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Footage from a diving team showed a gigantic whale shark getting a bit too close for comfort to a diver. The footage was taken from a group of divers off the coast of Nabire, in the Indonesian province of Papua. In the clip, a diver can be seen exploring the deep, when a gigantic whale shark appears out of nowhere.
The whale shark hovers around the person almost as if it is sizing the human up.
Eventually, the whale shark leaves the person alone and seems more interested in the bubbles coming from the diver.
Whale sharks appear to be terrifying beasts. They are part of the shark family, but get their ‘whale’ name as they are slow-moving gentle beasts.
Despite the fact that the whale shark has more than 3,000 teeth and a mouth wide enough to consume a human in one go, they only eat small fish.
This is because they are known as filter feeders.
They glide through the ocean with their mouths open wide, filtering out plankton, small fish and squid to consume.
Whale sharks are extremely docile and there are no records in history of humans being attacked, or eaten, by one.
They can reach up to 14 metres long, and weigh more than 12 tonnes – making them the largest fish in the entire ocean.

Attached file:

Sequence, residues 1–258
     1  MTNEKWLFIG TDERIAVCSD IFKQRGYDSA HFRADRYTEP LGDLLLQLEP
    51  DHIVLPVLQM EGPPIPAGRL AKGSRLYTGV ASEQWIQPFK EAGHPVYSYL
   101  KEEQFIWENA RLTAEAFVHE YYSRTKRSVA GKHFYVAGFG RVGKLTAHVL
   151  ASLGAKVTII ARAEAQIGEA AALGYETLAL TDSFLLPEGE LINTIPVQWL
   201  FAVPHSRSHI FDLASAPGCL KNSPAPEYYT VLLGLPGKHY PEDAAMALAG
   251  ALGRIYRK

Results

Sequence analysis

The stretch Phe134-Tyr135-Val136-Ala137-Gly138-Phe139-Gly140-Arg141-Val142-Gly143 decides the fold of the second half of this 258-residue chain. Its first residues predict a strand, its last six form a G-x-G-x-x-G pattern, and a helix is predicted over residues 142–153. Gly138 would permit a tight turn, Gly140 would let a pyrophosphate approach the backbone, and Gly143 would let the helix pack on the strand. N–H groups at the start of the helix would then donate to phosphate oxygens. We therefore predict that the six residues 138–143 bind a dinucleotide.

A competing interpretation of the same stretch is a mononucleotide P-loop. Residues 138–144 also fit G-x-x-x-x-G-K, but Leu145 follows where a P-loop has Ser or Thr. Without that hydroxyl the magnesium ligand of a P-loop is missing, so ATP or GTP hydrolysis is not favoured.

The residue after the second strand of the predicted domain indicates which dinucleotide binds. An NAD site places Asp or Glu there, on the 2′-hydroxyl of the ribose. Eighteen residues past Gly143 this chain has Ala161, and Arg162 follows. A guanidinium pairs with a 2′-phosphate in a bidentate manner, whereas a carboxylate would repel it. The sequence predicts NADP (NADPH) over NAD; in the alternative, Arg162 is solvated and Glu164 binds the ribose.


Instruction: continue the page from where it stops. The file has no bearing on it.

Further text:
Their hefty size which slows them down, however, with a maximum speed of around four miles per hour.
Much like a human and its fingerprints, the white dots over a whale shark are unique to an individual.
However, human activity has seen a sharp decline in the number of whale sharks.
Although specific numbers are hard to track, scientists estimate that there are left than 3,000 whale sharks left in the ocean.
The World Wildlife Fund said: “These gentle marine giants roam the oceans around the globe, generally alone.
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“However, large numbers of whale sharks often gather in areas with abundant plankton food—making them prime tourist attractions.
“The distribution of whale sharks indicates the presence of plankton and the overall health of our oceans.
“Whale sharks are highly valued on international markets. Demand for their meat, fins and oil remains a threat to the species, particularly by unregulated fisheries.
“They are victims of bycatch, the accidental capture of non-target species in fishing gear.
“And whale shark tourism presents a threat to the species as it can interrupt their feeding and sharks can be injured by boat propellers.”
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